GREENSBORO, N.C. -- Daylight saving time ends this weekend, and while it can be inconvenient adjusting to a new schedule it can have a much deeper impact on seniors with dementia.

Scott Silknitter from Caregiving 101 discussed what is known as "sundowning," which is also called “late-day confusion." It's when someone becomes confused and agitated in the late afternoon and into the night, and it can cause a variety of behaviors, including aggression and wandering.

There isn't a specific cause of sundowning, but some of the factors that might aggravate late-day confusion include:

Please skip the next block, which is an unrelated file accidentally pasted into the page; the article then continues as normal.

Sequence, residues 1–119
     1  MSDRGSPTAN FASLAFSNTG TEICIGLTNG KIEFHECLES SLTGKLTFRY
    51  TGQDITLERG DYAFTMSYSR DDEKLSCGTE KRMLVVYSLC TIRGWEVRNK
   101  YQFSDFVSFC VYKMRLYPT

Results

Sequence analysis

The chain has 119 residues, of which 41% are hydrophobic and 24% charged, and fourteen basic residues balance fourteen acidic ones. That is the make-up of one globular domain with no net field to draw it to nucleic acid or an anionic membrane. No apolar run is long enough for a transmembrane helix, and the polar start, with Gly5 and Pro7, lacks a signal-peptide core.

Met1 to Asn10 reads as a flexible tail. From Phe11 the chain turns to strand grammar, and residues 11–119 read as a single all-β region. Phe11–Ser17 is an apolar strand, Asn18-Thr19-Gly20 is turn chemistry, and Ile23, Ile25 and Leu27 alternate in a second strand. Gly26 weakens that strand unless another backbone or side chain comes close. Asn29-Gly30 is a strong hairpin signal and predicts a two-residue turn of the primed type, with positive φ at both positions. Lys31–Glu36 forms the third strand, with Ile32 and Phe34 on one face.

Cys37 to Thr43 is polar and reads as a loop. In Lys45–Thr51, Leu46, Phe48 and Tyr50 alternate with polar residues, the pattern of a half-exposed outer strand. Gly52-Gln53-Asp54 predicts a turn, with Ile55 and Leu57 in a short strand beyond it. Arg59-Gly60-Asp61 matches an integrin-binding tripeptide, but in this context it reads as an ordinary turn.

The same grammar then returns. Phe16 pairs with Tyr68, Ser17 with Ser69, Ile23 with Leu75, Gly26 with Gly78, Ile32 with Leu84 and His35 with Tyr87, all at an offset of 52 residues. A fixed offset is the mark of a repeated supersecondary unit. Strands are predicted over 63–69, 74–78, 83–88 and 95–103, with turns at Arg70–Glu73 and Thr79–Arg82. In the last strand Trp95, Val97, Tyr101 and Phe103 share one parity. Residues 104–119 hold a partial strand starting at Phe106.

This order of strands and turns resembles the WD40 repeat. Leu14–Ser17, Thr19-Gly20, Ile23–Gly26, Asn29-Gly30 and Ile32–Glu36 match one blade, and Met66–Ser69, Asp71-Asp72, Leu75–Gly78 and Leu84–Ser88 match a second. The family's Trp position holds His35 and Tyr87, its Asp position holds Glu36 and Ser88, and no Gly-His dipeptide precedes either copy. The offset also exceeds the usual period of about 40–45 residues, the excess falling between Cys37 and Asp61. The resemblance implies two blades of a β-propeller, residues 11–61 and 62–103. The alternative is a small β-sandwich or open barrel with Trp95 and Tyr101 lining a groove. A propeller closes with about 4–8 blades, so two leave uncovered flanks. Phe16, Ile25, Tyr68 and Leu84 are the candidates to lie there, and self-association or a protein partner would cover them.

• Fatigue
  • Low lighting and increased shadows
  • Disruption of the body's 'internal clock'

As you change your clocks and fall back an hour, your loved one's routine might be thrown off especially as it starts getting darker earlier. Here are steps to take to make the transition easier:

  • Maintain a predictable routine for bedtime, meals and activities. If you need to make changes, make them gradually.
  • Limit daytime napping and plan for activities and exposure to light during the day to encourage nighttime sleepiness.
  • Limit caffeine and sugar to morning hours.
  • Keep a night light on to reduce agitation that happens when surroundings are dark or unfamiliar.
  • In the evening, try to reduce background noise and stimulating activities, including TV.

If you have questions for Scott, you can reach him here.